- VTLUUG/VTCSEC: There were some issues with the attendance implementation at VTLUUG (in particular) and VTCSEC meetings that frustrated a lot of people and made my life a little more difficult. In addition, an attendance count isn’t really a good metric for the success of this assignment since the purpose isn’t simply to sit in a room for an hour, but to engage with a larger community. Next semester credit will be counted towards the VTLUUG/VTCSEC assignment for blog posts containing targeted discussion and thoughts of the specific topics covered at each meeting.
I noticed several people commented that the Inventory Management assignment was about the time when python and the motivation behind assignments started to “click”. I don’t mind that it takes a few assignments in before connections start clicking, but I would like to try and provide more motivation up front about where each assignment is headed, so that earlier along there is at least a notion of “this is going somewhere”. So I’ve been penciling out a clear, focused progression of assignments that goes from basic text parsing up to something like Inventory Management. That project in particular I am also going to make into a group project so that there is some exposure to using git as a collaborative tool before the final project. It also easily breaks up into sub-modules:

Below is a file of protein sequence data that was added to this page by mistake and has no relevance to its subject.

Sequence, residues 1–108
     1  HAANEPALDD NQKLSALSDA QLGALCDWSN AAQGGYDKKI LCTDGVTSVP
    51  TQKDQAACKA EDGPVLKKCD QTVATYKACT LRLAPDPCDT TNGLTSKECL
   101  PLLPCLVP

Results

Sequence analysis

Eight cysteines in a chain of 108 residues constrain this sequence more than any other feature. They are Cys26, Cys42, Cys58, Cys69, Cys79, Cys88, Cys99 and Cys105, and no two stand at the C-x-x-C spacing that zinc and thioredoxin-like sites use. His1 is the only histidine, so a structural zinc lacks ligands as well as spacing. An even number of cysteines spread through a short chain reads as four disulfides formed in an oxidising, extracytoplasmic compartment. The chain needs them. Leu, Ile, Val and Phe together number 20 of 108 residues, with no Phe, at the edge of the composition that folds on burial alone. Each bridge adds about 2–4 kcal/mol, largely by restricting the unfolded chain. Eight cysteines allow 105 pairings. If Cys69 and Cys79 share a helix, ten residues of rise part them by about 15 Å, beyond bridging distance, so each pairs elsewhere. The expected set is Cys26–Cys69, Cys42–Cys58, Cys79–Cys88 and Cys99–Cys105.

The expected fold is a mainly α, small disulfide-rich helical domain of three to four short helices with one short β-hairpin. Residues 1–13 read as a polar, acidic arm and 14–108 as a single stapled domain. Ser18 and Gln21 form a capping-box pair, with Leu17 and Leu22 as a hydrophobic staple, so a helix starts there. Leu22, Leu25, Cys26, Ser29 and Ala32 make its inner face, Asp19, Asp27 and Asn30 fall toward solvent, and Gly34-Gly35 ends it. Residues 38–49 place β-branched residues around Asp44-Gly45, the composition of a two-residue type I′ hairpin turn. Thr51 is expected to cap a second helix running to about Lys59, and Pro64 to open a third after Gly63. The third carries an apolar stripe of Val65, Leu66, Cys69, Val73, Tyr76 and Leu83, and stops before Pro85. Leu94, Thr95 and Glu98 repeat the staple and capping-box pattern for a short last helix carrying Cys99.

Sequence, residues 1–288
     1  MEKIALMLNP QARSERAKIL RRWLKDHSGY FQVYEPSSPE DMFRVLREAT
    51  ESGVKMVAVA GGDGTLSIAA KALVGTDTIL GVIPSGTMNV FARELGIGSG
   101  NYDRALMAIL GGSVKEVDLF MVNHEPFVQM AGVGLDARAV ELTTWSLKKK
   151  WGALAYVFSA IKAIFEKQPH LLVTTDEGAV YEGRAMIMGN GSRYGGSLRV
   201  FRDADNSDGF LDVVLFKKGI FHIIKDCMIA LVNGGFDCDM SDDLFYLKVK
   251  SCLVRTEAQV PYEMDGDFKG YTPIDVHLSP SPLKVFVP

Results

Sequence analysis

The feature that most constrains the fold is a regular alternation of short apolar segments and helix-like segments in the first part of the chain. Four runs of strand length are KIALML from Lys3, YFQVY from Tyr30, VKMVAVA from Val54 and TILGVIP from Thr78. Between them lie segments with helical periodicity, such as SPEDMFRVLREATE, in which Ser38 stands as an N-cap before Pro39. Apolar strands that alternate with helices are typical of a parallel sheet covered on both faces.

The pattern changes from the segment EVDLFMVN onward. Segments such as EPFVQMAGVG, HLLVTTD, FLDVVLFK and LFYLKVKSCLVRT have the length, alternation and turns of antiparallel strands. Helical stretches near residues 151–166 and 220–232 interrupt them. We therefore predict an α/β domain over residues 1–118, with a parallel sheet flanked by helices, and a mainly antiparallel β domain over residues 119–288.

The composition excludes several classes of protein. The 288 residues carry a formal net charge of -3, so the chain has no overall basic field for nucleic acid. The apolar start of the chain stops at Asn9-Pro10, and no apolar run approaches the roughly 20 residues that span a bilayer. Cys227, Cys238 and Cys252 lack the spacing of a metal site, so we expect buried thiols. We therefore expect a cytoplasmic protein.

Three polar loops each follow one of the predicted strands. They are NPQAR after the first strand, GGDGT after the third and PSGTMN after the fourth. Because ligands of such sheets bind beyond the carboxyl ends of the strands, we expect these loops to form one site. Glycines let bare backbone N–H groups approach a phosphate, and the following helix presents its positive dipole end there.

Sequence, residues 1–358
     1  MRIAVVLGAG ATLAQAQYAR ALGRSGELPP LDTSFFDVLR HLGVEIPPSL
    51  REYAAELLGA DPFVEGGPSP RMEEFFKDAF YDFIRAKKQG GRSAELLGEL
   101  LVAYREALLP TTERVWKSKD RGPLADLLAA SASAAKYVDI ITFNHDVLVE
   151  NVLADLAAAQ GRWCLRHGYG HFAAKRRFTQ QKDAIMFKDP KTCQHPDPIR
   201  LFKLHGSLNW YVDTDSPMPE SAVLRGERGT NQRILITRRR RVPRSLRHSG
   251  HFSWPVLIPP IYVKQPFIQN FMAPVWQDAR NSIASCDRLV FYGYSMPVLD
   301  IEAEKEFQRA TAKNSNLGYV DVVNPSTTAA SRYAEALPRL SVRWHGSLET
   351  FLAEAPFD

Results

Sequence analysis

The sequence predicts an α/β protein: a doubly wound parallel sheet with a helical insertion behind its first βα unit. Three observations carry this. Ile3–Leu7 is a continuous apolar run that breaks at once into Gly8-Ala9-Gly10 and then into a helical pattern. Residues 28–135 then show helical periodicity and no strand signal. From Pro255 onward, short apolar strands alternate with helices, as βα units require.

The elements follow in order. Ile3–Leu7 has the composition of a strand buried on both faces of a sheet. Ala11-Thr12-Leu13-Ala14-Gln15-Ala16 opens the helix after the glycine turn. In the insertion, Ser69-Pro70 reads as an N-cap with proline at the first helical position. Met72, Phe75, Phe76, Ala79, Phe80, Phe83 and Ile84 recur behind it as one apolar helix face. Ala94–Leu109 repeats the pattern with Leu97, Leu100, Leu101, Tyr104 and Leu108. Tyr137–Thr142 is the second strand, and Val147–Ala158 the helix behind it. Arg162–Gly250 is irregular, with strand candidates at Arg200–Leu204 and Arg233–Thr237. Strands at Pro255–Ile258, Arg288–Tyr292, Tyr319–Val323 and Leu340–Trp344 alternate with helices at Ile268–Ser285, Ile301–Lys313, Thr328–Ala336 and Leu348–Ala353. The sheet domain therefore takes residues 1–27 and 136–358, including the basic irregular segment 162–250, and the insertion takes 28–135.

- Data Parser
- Command Parser
As the name implies the two parsers make use of text parsing concepts, while the controller is more of an exercise in logical program flow. I think with clear enough specs on what the internal data structures should look like, the three parts should be able to be written mostly independently and then combined into one project.
I would also like to start C/C++ development earlier in the semester. I am going to try and restructure exercises and lecture slides so that C/C++ and Python assignments are interwoven throughout the semester. I hope that this will prevent the feeling that I got that the semester was split into two distinct phases, the “python” phase and “C++” phase. That way the content can follow a logical flow and touching on the merits of each language. A brief example of what I’m thinking about:
- simple line parsing (one primitive type, e.g. double/int per line)